Nowka studied art under impressionist painter Sylva Monteleon and realist painter Acharya Charles Pather. In 2008 she oversaw the “Object D’Art Cell” in the Ministry of External Affairs in New Delhi. The group provided art to dignitaries and Indian Embassies. (more…)

Find people you know, trust who have your success in mind

“Business Beat” is a sponsored column written by One Degree Capital CEO and President Rod Loges. His column examines ideas and best practices that help local businesses succeed.

Building a Business is a Team Effort — With a Little Help From Our Friends

My first lesson in the value of mentors came early – and hard. On July 3rd, 1985, I was enduring the first grueling week (called “Ground Week”) of the U.S. Army Airborne School. My Student ID – printed boldly across my helmet – was 141 (yes, 30 years later I remember my Student Number).

No matter the reason, I was a “NO GO” and did not qualify to advance to the second week (Tower Week) of training. The choice was mine – give up or repeat Ground Week.

Ugh! I wanted to quit, to give up, go back home and drink some beer with my friends and work so I could actually afford my next year of college expenses. Worse yet, if I decided to repeat Ground Week my Student ID label on my helmet would become 141”G” and everyone would know that I was “recycled.”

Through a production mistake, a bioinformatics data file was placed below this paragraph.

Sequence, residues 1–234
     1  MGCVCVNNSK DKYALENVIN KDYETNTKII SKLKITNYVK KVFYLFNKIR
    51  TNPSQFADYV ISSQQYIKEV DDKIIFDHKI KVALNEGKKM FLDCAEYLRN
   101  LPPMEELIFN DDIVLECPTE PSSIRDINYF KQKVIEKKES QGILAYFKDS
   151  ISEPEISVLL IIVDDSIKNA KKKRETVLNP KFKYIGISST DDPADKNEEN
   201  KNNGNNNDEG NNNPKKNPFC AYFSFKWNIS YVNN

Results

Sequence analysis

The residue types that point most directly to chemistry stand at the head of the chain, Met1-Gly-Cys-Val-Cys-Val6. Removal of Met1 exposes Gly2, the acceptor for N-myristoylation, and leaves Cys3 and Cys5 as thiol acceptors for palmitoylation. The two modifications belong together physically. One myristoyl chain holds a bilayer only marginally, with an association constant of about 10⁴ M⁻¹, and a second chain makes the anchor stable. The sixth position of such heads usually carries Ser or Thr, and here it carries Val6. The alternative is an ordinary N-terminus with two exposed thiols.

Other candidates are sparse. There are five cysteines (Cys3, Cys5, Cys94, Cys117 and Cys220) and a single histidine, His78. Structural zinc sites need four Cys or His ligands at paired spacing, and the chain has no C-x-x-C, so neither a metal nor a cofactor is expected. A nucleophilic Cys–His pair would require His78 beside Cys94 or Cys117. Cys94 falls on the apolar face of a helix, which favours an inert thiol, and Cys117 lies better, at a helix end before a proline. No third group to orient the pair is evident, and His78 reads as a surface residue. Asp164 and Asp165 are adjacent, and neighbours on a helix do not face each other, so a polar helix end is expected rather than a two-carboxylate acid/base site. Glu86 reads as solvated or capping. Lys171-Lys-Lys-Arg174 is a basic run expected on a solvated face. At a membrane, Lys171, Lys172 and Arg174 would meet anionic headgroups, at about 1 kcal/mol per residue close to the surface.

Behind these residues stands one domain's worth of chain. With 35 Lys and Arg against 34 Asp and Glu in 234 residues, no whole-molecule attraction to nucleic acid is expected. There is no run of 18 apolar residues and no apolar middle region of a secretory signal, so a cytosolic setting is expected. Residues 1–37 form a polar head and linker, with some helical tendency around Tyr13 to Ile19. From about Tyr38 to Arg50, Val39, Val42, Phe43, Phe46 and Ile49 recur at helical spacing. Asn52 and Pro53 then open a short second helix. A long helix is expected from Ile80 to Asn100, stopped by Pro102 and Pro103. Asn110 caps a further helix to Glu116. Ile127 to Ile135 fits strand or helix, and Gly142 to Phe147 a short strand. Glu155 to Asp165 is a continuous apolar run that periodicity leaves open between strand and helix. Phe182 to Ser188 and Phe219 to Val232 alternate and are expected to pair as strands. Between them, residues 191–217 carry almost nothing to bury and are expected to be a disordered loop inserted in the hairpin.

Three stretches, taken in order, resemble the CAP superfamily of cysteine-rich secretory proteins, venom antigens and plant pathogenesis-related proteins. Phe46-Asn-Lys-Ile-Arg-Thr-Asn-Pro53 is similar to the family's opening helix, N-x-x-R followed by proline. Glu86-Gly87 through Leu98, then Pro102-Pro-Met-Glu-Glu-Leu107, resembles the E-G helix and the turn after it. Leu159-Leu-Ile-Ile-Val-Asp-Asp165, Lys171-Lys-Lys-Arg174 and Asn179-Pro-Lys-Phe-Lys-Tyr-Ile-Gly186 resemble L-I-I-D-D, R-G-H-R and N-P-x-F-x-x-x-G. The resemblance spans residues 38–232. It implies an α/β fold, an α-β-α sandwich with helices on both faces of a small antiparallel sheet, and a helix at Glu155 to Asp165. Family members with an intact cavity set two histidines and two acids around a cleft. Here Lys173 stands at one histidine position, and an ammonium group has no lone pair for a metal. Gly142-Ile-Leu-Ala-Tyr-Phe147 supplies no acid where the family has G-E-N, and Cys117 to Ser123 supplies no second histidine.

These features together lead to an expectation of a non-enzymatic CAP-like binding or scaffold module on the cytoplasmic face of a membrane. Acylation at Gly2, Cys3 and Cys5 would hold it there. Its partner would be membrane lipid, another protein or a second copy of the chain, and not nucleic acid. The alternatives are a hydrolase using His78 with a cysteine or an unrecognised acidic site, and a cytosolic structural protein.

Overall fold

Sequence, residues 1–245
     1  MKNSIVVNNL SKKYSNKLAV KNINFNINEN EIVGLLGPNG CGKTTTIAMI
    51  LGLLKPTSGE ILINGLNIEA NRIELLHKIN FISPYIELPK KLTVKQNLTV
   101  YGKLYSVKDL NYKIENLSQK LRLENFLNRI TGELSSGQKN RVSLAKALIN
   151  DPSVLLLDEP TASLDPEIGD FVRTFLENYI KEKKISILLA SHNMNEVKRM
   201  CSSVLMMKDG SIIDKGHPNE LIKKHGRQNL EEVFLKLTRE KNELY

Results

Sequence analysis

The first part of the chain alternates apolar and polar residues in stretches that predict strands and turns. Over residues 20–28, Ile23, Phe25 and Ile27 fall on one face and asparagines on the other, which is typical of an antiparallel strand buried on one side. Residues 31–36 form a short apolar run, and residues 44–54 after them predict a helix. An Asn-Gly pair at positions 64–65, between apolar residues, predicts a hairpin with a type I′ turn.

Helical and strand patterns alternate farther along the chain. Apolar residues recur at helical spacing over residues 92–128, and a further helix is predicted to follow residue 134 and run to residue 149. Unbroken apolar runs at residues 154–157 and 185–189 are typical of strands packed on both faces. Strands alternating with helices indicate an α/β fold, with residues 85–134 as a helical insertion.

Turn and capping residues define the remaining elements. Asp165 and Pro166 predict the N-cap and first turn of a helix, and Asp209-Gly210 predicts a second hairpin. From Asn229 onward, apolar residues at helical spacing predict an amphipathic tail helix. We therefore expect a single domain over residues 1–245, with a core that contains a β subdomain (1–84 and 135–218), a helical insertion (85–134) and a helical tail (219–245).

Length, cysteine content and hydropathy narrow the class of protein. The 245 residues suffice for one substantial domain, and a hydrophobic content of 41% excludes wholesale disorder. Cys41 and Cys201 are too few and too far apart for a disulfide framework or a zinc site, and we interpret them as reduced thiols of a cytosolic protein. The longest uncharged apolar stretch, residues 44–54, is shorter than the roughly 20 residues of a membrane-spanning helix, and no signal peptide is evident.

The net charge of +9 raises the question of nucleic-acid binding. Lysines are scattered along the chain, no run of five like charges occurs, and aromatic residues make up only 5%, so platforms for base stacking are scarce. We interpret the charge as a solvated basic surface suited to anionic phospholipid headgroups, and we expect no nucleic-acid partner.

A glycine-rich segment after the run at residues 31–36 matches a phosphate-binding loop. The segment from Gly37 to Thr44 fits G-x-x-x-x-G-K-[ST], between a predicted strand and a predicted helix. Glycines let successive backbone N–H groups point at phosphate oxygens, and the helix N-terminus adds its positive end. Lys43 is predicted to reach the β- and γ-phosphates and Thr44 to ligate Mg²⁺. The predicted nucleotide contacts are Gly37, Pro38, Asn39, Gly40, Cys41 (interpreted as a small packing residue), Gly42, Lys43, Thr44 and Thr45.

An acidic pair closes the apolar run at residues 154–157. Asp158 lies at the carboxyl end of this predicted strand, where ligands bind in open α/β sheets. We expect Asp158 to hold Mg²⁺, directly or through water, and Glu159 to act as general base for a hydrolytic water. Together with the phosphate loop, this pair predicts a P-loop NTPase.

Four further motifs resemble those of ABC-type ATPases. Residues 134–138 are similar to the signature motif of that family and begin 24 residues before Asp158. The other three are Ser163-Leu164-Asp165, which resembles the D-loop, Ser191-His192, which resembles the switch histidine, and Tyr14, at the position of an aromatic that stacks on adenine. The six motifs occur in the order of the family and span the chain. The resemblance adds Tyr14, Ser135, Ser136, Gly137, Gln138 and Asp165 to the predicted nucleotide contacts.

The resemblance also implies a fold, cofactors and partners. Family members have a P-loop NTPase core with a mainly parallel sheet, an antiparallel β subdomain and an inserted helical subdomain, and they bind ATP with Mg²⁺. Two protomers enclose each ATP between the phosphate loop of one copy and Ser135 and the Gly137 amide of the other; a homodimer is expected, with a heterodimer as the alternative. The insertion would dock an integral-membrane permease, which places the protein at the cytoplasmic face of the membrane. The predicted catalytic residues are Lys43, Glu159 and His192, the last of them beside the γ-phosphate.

One of my Airborne Drill Instructors (we called them “Black Hats” ( I’ll leave you to guess why) came over and said to me) “Cadet, I know you are thinking about quitting. Heck I would be thinking it too if I were you.”  (more…)

Stay on the path to a New Year, New You at Manassas Park Community Center

“Shaping the Future” is a sponsored column written by Manassas Park Community Center Marketing Manager Jason Shriner. The column highlights the many ways you can have fun, get fit, and improve your life.

With the New Year, now is a great time to think about the year ahead. When I was younger, New Year’s Day didn’t really mean much more than partying, but now it’s a favorite time of mine where I like to set goals for myself. I especially like resolutions that involve learning something new or that result in a tangible finished product.